THE racial abuse aimed at the English football team in the wake of their Euro 2020 defeat was roundly condemned by the newspapers.

The Daily Mail

Robert Hardman said a ‘malignant few ‘were responsible for the racist abuse on social media.

“The sooner the custodians of cyberspace lift the cloak of anonymity around it, the sooner those creatures will crawl back under their rock,” he said. “Late on Sunday, I walked through streets carpeted with beer cans, smashed glass and pools of Lord-knows-what to get the last train back to London from Wembley Central. Christmas had come early for coronavirus. Here was a fetid, airless, confined space rammed with maskless, hoarse, coughing young men, all singing at the tops of their voices.”

He said there was precious little sign of authority in the streets around London after the match and asked if the scenes which tarnished what has been a great tournament would have spoiled our chances as World Cup hosts.

The Daily Express

Leo McKinstry said the players had emerged as heroes who have brought a new spirit of unity to the country.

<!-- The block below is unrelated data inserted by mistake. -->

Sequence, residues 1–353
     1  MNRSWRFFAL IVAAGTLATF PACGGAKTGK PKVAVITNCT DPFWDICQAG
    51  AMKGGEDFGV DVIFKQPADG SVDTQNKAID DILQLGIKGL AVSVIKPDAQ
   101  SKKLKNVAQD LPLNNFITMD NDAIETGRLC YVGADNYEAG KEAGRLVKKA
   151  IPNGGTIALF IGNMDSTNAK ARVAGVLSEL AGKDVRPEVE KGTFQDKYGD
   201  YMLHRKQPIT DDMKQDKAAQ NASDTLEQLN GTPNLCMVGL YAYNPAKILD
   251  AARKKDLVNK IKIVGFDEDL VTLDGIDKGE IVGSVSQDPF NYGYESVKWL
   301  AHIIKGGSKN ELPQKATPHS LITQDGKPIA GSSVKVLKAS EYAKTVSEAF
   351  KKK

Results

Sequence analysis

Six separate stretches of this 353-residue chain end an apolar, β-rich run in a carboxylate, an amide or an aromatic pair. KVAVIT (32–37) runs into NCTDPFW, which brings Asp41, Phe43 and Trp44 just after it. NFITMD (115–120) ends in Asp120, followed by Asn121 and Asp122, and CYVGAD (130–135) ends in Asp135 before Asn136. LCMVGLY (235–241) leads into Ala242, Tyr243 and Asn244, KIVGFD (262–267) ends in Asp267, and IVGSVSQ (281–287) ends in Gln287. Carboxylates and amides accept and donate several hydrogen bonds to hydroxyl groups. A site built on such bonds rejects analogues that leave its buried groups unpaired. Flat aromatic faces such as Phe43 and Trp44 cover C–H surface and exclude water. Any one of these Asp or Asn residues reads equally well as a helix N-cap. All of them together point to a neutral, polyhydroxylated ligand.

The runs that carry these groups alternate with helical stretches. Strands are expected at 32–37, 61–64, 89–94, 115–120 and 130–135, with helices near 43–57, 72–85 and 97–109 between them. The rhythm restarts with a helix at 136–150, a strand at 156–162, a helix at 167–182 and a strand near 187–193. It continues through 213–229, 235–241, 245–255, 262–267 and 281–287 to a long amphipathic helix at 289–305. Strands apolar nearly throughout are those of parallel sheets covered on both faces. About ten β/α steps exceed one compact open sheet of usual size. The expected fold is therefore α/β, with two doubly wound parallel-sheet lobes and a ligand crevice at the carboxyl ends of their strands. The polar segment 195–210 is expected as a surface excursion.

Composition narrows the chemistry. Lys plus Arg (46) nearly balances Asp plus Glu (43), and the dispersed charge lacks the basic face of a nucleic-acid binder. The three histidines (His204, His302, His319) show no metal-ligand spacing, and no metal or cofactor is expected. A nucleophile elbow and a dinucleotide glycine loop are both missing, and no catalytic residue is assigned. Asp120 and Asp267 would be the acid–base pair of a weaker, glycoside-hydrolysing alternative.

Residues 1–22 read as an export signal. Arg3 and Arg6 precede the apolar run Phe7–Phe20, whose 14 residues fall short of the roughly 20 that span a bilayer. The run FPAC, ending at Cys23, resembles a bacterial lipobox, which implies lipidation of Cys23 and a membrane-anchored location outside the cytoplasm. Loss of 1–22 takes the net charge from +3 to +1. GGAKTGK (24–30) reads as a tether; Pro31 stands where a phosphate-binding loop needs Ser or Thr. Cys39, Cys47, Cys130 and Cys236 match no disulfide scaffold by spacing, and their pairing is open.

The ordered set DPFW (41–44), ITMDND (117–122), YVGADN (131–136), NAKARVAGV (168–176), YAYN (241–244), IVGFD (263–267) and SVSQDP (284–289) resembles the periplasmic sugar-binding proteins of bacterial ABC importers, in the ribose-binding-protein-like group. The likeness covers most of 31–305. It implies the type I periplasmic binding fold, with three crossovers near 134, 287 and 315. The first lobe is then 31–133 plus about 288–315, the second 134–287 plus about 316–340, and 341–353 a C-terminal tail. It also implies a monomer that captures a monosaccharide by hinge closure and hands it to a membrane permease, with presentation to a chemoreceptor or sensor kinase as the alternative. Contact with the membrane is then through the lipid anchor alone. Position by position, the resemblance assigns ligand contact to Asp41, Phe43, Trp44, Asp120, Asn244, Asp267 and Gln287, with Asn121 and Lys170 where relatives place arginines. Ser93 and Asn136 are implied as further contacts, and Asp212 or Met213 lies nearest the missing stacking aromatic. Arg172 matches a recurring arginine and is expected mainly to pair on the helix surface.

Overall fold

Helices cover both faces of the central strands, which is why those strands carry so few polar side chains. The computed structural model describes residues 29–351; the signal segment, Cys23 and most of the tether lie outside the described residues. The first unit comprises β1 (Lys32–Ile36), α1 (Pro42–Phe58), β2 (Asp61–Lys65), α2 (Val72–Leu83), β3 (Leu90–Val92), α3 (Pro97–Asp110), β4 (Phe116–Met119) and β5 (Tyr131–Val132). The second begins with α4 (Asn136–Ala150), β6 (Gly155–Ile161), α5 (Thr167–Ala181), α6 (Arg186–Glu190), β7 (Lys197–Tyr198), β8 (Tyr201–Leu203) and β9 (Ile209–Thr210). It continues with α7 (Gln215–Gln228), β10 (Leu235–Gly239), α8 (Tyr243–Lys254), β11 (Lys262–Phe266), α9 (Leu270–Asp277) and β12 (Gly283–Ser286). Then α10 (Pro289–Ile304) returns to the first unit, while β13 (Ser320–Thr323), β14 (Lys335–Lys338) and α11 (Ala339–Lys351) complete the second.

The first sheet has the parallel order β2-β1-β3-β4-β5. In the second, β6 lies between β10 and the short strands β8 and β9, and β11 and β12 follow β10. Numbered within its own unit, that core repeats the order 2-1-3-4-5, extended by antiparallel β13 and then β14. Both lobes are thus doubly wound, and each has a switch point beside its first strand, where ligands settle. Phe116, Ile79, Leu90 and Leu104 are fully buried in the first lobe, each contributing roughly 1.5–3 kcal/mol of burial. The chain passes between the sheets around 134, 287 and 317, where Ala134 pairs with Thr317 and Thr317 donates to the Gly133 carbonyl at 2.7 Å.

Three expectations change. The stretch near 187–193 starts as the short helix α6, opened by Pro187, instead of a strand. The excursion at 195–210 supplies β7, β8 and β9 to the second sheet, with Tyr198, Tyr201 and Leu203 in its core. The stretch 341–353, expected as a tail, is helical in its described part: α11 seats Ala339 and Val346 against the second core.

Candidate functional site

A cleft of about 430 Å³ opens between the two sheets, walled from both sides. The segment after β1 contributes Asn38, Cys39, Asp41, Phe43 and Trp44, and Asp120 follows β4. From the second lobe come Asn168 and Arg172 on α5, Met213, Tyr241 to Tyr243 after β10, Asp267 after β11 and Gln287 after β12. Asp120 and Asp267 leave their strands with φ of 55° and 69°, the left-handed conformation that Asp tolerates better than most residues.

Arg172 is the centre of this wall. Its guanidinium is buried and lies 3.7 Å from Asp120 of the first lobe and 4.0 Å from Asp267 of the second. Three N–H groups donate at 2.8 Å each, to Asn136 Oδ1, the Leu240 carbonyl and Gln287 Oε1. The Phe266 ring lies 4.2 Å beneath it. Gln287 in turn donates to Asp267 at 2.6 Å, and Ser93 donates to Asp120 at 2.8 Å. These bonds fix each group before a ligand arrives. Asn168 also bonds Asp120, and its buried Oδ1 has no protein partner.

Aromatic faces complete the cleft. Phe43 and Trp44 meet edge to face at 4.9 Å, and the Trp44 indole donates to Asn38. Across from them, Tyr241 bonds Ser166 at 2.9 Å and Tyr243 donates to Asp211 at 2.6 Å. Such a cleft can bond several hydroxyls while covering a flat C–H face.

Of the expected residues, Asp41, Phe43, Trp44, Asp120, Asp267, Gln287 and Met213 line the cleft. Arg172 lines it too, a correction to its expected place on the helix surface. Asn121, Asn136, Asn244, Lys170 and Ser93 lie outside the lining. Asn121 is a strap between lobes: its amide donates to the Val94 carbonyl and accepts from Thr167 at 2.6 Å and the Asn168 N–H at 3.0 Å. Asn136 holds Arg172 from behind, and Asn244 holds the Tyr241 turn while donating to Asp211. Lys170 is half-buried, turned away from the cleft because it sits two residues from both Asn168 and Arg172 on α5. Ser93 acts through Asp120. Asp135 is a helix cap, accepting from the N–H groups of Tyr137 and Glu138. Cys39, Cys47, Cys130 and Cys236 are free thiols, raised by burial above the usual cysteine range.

“The same cannot be said of the mindless yobs and racists who so badly tarnished the climax to the Euros with their disgusting behaviour on Sunday,” he said. “Drunken thuggery, vile abuse on social media, vandalism, anti-police violence and brutish intimidation all featured in this catalogue of shame.”

He said they liked to think of themselves as England supporters but were nothing of the sort.

“Rather than celebrating diversity, the bigots used online platforms to lash out at Marcus Rashford, Jadon Sancho and Bukayo Saka – the three black players who missed penalties in the shoot-out,” he said. “The abuse was matched by disgraceful scenes in both central London and Wembley, where hundreds of ticketless opportunists broke through security barriers to get into the stadium. After all the golden memories they have given us, Southgate and his men deserved better.”

The Guardian

Historian David Olusoga said we s hould have been able to spend this week celebrating a second place finish at the Euros.

“Instead, we are forced to defend our national team from an outpouring of hate,” he said. “In doing so we have no choice but to confront the very worst aspects of English football, and the ugliest strains of English nationalism.

“The toxic racism and swaggering hyper-nationalism that has for decades accrued around the English game has contaminated our national symbols, left millions feeling excluded from the national game, and damaged our reputation abroad.

Despite the brutal clarity of this moment, what Southgate’s team have done remains astonishing. They have made an appeal to the best aspects of Englishness.”